The new movie Hot Tub Time Machine can certainly be given credit for getting its essential concept up front and center—its time machine is a hot tub, which sends its users to past eras with their fingers all pruny.
Think that's the most unusual object ever to have doubled as a time machine in movies, TV, books or comics? Not even close. Check out 11 other odd time machines below. (One of them's a toilet. Yes. A toilet.)
The sporty but doomed car model (which now seems a creation of some alternate past) carried poor Marty McFly of the Back to the Future series into the past, the future and an altered version of the present. The brand didn't last nearly as long as the movie series.
Doc Brown, the inventor of Back to the Future's time-traveling DeLorean, eventually settles in the Old West and builds himself this bulkier and more elaborate model out of available parts. (Maybe it's just that he has kids now and it's time to trade in the sports car on the equivalent of a station wagon.)
A Phone Booth
The existence of a free-standing phone booth with a closable sliding door—even one that functions as a time machine—is just one of the elements that make Bill & Ted's Excellent Adventure a period piece. Somehow it's hard to imagine the boys traveling through the time stream while holding on to one of today's minimalist kiosks.
A Police Call Box
The various incarnations of Doctor Who all travel in an alien vehicle known as the TARDIS that has somehow gotten stuck in this one anachronistic form. (Somehow, he never parks it anywhere where it'll blend in.)
The device at the center of Jack McDevitt's novel Time Travelers Never Die, the Q-pod, is essentially an iPod under a different name that can be attributed to either a new name for a new model or authorial care to avoid stepping on the trademarks of multinational corporations. Either way, this one comes with a helpful time-travel app, which probably makes the address book hang up.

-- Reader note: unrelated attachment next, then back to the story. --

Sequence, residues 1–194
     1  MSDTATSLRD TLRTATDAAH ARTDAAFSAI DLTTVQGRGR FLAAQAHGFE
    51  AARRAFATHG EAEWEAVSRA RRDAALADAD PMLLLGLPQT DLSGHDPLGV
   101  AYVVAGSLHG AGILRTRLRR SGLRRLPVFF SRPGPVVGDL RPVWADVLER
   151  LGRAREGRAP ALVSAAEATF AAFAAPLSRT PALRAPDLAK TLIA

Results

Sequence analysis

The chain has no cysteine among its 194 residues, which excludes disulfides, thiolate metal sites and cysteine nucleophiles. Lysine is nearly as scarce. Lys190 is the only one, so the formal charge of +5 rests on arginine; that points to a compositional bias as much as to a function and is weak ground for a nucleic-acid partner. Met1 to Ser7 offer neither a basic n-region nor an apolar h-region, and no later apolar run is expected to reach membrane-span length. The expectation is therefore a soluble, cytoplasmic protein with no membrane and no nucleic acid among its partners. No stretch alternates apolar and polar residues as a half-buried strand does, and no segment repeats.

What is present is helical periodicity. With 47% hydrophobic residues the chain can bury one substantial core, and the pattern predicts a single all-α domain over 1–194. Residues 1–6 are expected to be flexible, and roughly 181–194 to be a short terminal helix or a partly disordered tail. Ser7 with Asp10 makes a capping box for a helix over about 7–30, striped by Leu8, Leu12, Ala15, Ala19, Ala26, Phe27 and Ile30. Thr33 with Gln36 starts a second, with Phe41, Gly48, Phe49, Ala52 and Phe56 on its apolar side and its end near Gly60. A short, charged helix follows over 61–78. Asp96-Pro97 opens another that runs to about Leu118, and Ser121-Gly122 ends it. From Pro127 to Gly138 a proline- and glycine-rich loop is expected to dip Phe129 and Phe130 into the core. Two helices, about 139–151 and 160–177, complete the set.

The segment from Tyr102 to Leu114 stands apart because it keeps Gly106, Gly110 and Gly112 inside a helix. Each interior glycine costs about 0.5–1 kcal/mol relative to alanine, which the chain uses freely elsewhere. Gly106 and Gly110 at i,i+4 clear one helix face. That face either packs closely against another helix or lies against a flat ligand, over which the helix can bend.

The DC Comics superhero known as the Flash has access to a Cosmic Treadmill that permits him to commute to other eras by running really, really fast. A dieter armed with this device could eliminate the same number of calories by going back a day or so and persuading his past self not to have that second slice of pizza.
A Speeding Car
In the British TV series Life on Mars, an unwilling close encounter with somebody's front bumper sends police officer Sam Tyler 33 years into the past. And here I thought head trauma was supposed to knock you into next week.
Nineteenth-century firearms manufacturer Hank Morgan gets whacked on the head by a subordinate and wakes up the star of Mark Twain's A Connecticut Yankee in King Arthur's Court. I've had bosses I would have liked to do that to.
A Hotel Room
According to the movie Somewhere in Time, dressing in period clothes and lying down in a hotel room furnished with antiques is a fine method for stalking that pretty actress from a decade long in the past. You can't do that now, not when all high-class hotels come equipped with Wi-Fi.
The protagonist of The Butterfly Effect can propel himself into the past by reading his childhood diary. These days he'd have to find his old blog pages.
A commode—which, in deference to Dr. Who, is inevitably called the "Turdis"—comes equipped with time-travel technology in the snappily titled direct-to-video feature Bottom Live 2003: Weapons Grade Y-Fronts Tour. Don't blame us. We just report the facts.